• When Takao first meets Yukari, there’s little indicator of what she does or how old she is. She leaves Takao with a tanka from the manyōshū‘s eleventh volume: besides suggesting that the rain brought them together, it’s something that only literature instructors or enthusiasts would be able to recite. Takao is wrapped up in the moment and does not realise this, taking an interest in the fact that Yukari has an enigmatic air to her that seems quite enchanting. This chance meeting, seemingly willed by the rain itself, sets in motion the film’s events.

  • To emphasise the theme of isolation in The Garden of Words, Shinkai presents his supporting characters as being distant, engrossed in their own worlds to be of much help to either Yukari or Takao. For Takao, his mother is more interested in chasing men than caring for her family, while his older brother is moving out with his girlfriend and cannot otherwise spare much time to listen to Takao’s concerns. Similarly, Yukari’s colleagues and coworkers are only able to do so much for her. Thus, with limited support from the most obvious sources, Yukari and Takao’s fateful meeting drive them to turn towards one another.

  • As they spend more time together, bits and pieces of each individual comes out into play. Besides using extensive use of rain imagery, the events of The Garden of Words also dealt greatly with mental health; Shinkai may have intended for his works to convey a certain theme, and the more prominent anime writers out there have largely focused on the movie as a love story of sorts, the focus of The Garden of Words on everyday events means that some ideas can be derived from the film’s events even if they are not immediately apparent. This is the advantage about being multi-disciplinary – one is afforded different perspectives on things that would be missed in the absence of familiarity with a particular discipline.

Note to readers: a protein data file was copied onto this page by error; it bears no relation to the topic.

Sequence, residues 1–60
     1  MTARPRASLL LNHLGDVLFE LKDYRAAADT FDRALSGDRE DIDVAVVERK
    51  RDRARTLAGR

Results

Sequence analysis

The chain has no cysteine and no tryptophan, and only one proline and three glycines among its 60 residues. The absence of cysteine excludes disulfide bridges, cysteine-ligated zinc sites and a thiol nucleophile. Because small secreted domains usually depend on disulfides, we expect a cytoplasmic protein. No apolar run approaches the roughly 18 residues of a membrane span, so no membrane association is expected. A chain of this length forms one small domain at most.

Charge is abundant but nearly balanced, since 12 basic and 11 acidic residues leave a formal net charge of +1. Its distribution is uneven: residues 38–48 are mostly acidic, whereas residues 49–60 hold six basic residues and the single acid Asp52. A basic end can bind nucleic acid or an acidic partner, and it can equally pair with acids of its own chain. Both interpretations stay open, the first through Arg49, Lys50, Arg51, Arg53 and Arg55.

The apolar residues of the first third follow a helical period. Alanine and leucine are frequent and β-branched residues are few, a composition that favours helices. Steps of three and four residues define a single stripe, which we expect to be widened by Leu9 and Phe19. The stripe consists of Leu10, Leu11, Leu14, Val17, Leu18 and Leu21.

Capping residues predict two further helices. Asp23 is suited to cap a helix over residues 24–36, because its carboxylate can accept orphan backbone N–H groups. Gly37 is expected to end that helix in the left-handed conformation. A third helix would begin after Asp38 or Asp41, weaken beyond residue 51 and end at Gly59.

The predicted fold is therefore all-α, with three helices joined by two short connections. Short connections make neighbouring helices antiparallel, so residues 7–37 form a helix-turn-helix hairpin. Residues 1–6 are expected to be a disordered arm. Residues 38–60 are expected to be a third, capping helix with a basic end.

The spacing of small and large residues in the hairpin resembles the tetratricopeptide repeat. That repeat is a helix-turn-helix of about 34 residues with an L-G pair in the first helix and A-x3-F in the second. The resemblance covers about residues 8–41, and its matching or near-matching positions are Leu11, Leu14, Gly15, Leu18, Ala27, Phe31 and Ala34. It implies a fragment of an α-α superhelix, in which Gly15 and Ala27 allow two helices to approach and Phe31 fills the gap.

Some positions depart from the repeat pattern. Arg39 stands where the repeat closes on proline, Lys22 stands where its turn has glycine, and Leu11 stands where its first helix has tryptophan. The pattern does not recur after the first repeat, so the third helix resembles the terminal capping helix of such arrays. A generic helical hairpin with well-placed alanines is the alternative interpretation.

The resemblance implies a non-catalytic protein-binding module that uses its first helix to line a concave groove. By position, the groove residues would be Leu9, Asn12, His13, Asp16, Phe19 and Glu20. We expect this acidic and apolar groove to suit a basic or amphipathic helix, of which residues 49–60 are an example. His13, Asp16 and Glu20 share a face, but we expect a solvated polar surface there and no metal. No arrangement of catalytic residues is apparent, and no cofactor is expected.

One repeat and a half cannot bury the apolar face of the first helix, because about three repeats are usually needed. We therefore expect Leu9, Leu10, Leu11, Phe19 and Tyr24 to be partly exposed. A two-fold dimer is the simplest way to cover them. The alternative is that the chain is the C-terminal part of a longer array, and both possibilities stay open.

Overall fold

• Mental health is a highly relevant topic in the present, although it is still an elephant in the proverbial room: traditionally, men have always been told to “man up” and tough out whatever challenges they encounter in life. When I went through my rough spot following the Great Flood of 2013, I (foolishly) figured that what I was feeling was a one-off, and that I’d be back on my feet in a matter of days. Days turned to weeks, and weeks turned to months. My particular approach to recovery was largely an individual process, but I know now that I can, and should, turn to those around me if anything difficult should occur. I remark that, to come out of a post saying that folks shouldn’t read into diagnosing fictional characters with mental health conditions and then to proceed to do just this for my The Garden of Words post is to be hypocritical. However, my intent here is to demonstrate the strength of a theme in a narrative where mental health was evidently meant to be at the forefront of discussion – nowhere in my discussion do I attempt to diagnose Yukari, and I use generalisations to illustrate the messages.